• Different varieties of e-cigarettes are on display at XSmoke Vape Smart owned by Deb Tickel in the Steeplegate Mall on Monday, March 31, 2014.<br/><br/>(ARIANA van den AKKER / Monitor staff)
  • Justin Hartley of Chichester tests a new flavor for his e-cigarette at XSmoke Vape Smart owned by Deb Tickel in the Steeplegate Mall on Monday, March 31, 2014.  Hartley completely quit smoking cigarettes three weeks ago with the help of his ecig.<br/><br/>(ARIANA van den AKKER / Monitor staff)

David Clough can’t really say why he started smoking.

He was 14. His friends smoked, so he smoked. It wasn’t too long before he was smoking 2½ packs a day.

Fifty-four years later, he can’t really say why he decided to cut back a few years ago, either.

Now, he’s down to 10 or so cigarettes a day, but he uses an electronic cigarette in place of most of the ones he’s skipping.

“It’s helping me, yes,” he said. “It relaxes me. . . . I know I could (smoke even less) if I really focused hard on it, but then I’d be ugly. I’d be cranky, sarcastic. I don’t like being like that. But I’m cutting back.”

Clough’s is the kind of story public health officials want to hear about electronic cigarettes – a smoker who has cut down on tobacco use, reducing his risk for cancer and other smoking-related diseases.

But with many unanswered questions, some officials worry the increasingly popular vapor-based devices are merely creating a new generation of nicotine addicts who believe “vaping” is safe.

A Chinese entrepreneur invented the e-cigarette in 2003, and research in the decade since has answered many questions about the products, but not all.

The Food and Drug Administration is expected to issue regulations this spring, but until then, the industry is unregulated. Both huge corporations and mom-and-pop shops mix and sell the flavored “e-juices” that users heat in their devices and inhale as vapor.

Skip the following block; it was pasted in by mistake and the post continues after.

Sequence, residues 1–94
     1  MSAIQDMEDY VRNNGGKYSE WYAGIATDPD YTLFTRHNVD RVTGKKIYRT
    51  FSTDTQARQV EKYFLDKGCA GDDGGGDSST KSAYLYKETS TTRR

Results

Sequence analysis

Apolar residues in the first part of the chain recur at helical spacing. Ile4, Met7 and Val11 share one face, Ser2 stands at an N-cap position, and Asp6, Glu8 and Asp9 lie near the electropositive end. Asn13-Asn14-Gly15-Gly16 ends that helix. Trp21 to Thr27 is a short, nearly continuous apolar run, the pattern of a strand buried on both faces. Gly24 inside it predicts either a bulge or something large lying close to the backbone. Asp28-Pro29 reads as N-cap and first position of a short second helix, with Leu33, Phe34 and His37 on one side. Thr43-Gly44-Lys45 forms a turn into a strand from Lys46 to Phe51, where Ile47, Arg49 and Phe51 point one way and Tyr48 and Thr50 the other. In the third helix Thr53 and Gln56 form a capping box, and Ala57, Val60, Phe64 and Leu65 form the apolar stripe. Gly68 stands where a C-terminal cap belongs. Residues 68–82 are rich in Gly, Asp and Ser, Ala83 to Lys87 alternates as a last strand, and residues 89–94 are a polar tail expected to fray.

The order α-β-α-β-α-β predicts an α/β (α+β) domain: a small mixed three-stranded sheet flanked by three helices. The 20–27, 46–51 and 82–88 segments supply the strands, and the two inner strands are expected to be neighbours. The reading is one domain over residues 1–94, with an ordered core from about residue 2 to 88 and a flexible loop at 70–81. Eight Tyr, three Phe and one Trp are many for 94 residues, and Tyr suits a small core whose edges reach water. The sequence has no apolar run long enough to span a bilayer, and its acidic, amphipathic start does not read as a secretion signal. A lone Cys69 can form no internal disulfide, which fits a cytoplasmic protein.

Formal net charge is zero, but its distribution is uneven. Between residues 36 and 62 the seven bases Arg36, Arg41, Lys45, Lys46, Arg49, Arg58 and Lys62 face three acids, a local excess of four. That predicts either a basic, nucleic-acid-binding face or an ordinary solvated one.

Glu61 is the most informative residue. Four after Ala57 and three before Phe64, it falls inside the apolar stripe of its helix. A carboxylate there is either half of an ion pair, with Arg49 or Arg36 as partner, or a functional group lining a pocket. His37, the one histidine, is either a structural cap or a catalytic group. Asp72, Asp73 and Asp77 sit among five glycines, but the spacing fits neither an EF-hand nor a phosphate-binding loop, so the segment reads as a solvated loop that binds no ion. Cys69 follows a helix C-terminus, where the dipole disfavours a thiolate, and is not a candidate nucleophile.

The known e-juice ingredients – nicotine and propylene glycol – are “generally recognized as safe” by the FDA, but that determination wasn’t necessarily made based on heating and inhaling them.

Other chemicals that flavor the vapor and the effects of long-term use of those aren’t understood, either.

But getting away from the tar, ammonia, arsenic, and other chemicals in cigarettes that are known to cause cancer was one of the main reasons Deb Tickel of West Deerfield first started vaping after 30 years of smoking.

Now, a year after switching, she’s operating a busy e-cigarette store in the Steeplegate Mall, Xsmoke Vape Smart.

On an ordinary weeknight last week, four people stopped by over the course of an hour to check out her products.

They range in price from a $4 replacement wick, to a starter kit with extra batteries and vaporizer options that tops $100. A refill of liquid nicotine that can last two to three weeks costs about $12, significantly less expensive than cigarettes.

“I loved smoking. I miss it,” Tickel said. “I don’t miss cigarettes. I don’t miss the smell. I don’t miss waking up feeling like my throat was a burnt-out chimney.”

Her senses of smell and taste have improved, and she’s sleeping more soundly since switching, she said.

“My doctors are definitely happier with me,” she said.

She doesn’t mix the juice in her store but sells premade flavors (pear, strawberry, cinnamon and row after row of others) from American companies that say they use the same FDA-approved flavorings for food.

But some public health officials object more strongly to how the products are marketed than to what’s in them.

“I don’t want people to start smoking, period,” said Jose Montero, director of New Hampshire’s Division of Public Health.